For example, Williams said, officials now analyze quarterly reports detailing the most serious abuse and neglect allegations. Employees accused more than twice within a one-year-period are being scrutinized more closely. More than 500 surveillance cameras have been purchased and are being installed at nine of the 10 state hospitals. State Health Services has worked closely with Family and Protective Services to start tracking abuse and neglect complaints to identify patterns. The director overseeing all state-run psychiatric hospitals now has final approval before any psychiatrist is hired.

“We’ve made major improvements, especially in the last year while this report was being written, and we’ll continue to make more to protect our patients,” Williams said.

Mitchell acknowledges that State Health Services has enacted policy changes over the past year. The Disability Rights paper builds on those and proposes a series of additional reforms that would create an even safer environment, she said.

“We’re hoping they’ll work with us,” Mitchell said.

Meanwhile, Family and Protective Services disputes the contention that it conducts biased investigations.

“Our investigators are trained on how to assess the credibility of each witness interviewed, including the alleged victim, and including the alleged perpetrator,” said spokesman Patrick Crimmins.

Disability Rights — which is designated by the federal government to protect people with disabilities — launched its investigation about a year ago, after the American-Statesman published a series of stories about problems at the state-run hospitals that treat people with profound mental illnesses. Because of its status, Disability Rights has access to confidential patient records and agency files that are not available to the general public.

The report’s conclusions identify many of the same lapses in oversight documented over the past year by the American-Statesman.

But the report also uncovered some new details. For example, the paper reported that Dr. Larry Hawkins, a former Austin State Hospital psychiatrist now working at Rusk State Hospital, pleaded no contest to a charge of indecency with a child and was sentenced to eight years of probation. But Disability Rights stated that less than three years after he was sentenced, the Austin hospital administrators successfully advocated to get him off probation early and he soon entered the hospital’s psychiatric residency program.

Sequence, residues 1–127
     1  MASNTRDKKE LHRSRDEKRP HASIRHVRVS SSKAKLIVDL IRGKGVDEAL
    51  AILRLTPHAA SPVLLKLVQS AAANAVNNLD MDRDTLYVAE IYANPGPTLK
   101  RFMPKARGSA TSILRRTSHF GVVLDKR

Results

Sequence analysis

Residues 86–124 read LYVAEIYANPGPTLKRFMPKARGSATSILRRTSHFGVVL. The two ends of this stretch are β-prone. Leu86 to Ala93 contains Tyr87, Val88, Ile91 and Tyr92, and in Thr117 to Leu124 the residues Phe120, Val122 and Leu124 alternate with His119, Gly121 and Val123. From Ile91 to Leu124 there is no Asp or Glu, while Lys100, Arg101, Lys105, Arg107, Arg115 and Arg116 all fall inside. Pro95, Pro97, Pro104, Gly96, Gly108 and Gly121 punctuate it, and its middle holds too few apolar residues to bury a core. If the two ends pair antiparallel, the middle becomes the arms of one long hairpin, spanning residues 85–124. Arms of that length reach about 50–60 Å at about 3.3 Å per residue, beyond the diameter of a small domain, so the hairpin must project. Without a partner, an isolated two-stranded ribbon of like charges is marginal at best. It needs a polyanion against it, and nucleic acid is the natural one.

Disability Rights also stated that State Health Services failed to hold doctors accountable for unprofessional, ethical or criminal conduct, did not appropriately monitor physician performance and did not consistently alert the Texas Medical Board of misconduct.

Since the winter of 2011, when many of the changes were enacted, seven doctors have been reassigned or put on restrictions while complaints were investigated, Williams said. In total, 65 allegations have been made against 40 doctors over that time. None of those allegations were confirmed by Family and Protective Services, she said.

In its report, Disability Rights recommended reforms to prevent future incidents. For example, when investigators are checking out a patient’s complaint of abuse, they should routinely review the personnel and credentialing files of the accused caregiver — something that has not always been done in the past.

Crimmins, spokesman for Family and Protective Services, says the agency is considering that idea, as well as whether to routinely review past complaints against someone accused of abuse or neglect.

The report also recommends that State Health Services change its employment practices, saying that physicians with a history of Texas Medical Board or other disciplinary action for abuse, neglect or exploitation should not be eligible for hire or continued employment at any state psychiatric hospital.

Disability Rights suggested the agency conduct more honest job evaluations as well, including documenting physicians’ practice problems in their performance reviews.